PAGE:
Rand Paul was the picture of bitterness as he repeatedly pushed questions on transgender student athletes to Joe Biden’s education secretary nominee, Miguel Cardona.
This inclusive order seemed baffling to Rand, who was determined to press the matter during Cardona’s confirmation hearing in the Senate on Wednesday (3 February).
“If you’re confirmed, will you enforce that Office of Civil Rights opinion?” he asked the nominee.
“I understand that there are a lot of concerns about that,” Cardona replied neutrally. “If confirmed, it’s my responsibility and my privilege to make sure that we’re following civil rights of all students, and that includes activities that they may engage in high school or athletics.”
This wasn’t enough for the far-right senator, who demanded to know Cardona’s personal opinion on what he sees as “biological males” competing in girls’ sports.
“What do you think in general of boys running in girls’ track meets like they’ve been doing in Connecticut?” he asked.
Cardona, who began his career as a teacher and later a school principal, reiterated that it is “critically important” that schools respect the rights of all students – “including students who are transgender” – and that they are afforded the opportunities that every other child has.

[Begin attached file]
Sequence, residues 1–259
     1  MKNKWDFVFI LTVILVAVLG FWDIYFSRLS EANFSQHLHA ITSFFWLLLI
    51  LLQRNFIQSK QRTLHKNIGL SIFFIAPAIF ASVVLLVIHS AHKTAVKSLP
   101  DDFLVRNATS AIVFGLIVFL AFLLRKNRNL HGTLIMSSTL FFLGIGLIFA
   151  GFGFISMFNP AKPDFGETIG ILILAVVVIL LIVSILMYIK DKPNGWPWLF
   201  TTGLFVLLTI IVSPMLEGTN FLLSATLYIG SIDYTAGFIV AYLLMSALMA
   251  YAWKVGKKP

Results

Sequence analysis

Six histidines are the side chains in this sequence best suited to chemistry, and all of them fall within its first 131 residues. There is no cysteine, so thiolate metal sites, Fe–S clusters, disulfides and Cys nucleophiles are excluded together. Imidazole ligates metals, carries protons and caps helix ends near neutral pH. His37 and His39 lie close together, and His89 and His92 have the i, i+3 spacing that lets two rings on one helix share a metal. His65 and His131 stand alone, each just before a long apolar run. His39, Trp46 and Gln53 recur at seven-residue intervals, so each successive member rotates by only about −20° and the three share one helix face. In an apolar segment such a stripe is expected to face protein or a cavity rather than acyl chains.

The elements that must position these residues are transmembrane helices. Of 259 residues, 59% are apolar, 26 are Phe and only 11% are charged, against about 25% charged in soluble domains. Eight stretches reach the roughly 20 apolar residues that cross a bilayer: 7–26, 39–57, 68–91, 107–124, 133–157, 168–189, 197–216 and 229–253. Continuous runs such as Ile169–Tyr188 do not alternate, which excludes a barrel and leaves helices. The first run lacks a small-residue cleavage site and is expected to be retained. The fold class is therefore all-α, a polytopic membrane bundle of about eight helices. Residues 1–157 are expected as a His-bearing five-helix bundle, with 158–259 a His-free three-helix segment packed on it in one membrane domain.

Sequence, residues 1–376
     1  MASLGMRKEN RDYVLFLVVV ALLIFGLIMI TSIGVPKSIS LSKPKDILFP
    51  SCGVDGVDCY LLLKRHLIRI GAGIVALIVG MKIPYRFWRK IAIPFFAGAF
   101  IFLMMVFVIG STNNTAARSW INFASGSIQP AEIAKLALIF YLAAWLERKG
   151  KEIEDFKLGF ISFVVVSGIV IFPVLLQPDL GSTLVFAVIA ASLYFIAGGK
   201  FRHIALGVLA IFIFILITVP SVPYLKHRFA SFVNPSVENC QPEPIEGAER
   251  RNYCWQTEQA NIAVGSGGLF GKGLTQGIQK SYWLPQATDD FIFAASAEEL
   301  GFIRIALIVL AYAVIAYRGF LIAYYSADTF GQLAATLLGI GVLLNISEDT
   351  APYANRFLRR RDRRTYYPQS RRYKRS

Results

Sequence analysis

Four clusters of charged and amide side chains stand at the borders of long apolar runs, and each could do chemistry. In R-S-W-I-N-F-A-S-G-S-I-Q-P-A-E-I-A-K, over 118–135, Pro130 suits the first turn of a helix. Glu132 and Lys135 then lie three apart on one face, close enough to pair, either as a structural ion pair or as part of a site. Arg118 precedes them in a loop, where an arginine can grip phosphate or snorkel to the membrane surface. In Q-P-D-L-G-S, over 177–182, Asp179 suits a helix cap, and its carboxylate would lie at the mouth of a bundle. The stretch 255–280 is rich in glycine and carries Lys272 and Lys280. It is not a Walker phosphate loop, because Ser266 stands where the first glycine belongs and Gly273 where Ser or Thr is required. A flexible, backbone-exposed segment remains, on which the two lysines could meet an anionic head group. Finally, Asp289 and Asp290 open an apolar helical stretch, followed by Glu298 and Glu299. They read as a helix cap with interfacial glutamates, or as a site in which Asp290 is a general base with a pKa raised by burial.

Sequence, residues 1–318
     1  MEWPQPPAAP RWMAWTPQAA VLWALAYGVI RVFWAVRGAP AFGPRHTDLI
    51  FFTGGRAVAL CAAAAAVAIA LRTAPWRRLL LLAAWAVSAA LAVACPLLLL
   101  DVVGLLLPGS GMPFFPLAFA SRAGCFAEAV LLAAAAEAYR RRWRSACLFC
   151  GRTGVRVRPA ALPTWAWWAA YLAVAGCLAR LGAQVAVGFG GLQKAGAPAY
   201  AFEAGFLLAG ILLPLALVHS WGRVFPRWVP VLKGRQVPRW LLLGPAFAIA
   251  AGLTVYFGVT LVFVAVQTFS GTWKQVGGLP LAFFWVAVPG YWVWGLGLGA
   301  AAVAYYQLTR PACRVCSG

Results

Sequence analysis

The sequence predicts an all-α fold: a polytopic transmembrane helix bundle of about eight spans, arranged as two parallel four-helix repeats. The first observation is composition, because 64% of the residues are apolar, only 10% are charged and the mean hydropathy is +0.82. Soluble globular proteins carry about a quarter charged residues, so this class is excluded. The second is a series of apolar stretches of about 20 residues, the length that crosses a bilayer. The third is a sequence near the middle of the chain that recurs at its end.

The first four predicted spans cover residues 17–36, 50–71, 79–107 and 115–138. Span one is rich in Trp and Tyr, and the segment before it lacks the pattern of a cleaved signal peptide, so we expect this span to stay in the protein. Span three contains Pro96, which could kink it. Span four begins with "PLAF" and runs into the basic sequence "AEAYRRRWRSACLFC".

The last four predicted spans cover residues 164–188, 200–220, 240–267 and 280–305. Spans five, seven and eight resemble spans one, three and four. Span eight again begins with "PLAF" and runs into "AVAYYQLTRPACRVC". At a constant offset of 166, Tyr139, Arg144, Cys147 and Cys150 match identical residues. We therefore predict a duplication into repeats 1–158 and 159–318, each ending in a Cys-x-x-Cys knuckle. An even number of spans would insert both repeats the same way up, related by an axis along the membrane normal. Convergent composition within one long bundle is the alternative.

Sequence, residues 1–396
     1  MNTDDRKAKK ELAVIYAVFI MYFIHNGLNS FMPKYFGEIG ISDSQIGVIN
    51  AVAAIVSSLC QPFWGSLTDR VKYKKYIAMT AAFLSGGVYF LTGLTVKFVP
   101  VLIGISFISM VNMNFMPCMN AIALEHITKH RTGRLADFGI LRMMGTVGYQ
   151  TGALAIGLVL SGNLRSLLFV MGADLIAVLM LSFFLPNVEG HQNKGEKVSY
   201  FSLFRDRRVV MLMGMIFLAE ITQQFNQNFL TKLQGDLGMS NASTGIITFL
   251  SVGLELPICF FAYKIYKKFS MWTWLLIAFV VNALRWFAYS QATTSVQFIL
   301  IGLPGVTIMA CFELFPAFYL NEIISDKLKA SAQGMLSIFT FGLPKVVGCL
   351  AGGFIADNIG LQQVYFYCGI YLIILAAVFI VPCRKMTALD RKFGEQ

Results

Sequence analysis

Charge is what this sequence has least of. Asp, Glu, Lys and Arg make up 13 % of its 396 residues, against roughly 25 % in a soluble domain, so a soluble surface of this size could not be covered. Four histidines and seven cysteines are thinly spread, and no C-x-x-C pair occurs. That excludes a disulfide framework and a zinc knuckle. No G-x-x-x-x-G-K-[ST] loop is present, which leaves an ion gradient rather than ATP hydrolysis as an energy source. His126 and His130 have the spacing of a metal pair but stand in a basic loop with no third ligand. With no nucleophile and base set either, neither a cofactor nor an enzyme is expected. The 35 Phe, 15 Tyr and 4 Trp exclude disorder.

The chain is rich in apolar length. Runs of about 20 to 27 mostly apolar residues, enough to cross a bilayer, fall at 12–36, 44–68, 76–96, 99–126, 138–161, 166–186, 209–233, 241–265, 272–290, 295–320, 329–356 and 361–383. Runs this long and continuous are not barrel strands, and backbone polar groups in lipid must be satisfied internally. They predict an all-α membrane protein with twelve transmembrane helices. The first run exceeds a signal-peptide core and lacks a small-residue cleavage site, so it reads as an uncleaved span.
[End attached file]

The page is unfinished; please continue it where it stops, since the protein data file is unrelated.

Rand Paul persisted his line of questioning, with the exchange growing increasingly tense as he failed to get the answer he was searching for.
“Do you worry, having boys running in girls’ track meets?” he asked sardonically, repeating claims that cis female athletes would lose out of scholarships and be “pushed out” of sports.
Cardona remained measured in his response, replying correctly that it is the legal responsibility of schools to provide opportunities for trans students to participate.
“So you don’t have a problem then, boys running in the girls’ track meets, swimming meets, you name it, you’re OK then with boys competing with girls?” Rand pushed.
“Respectfully, senator, I think I answered the question,” Cardona said finally.
It’s been noted that athletes, male or female, transgender or cisgender, can have competitive advantages for many reasons besides hormones such as testosterone (usually cited as giving advantage to trans females), including body size, access to training, and more.
“LeBron James’s kids have access to the best coaches and the best facilities with the best equipment. They’re going to have an advantage over somebody,” Timothy Roberts, a paediatrician who has studied the effects of hormones on athletic performance, told NBC News.
“And all of those people are still in the same competition.”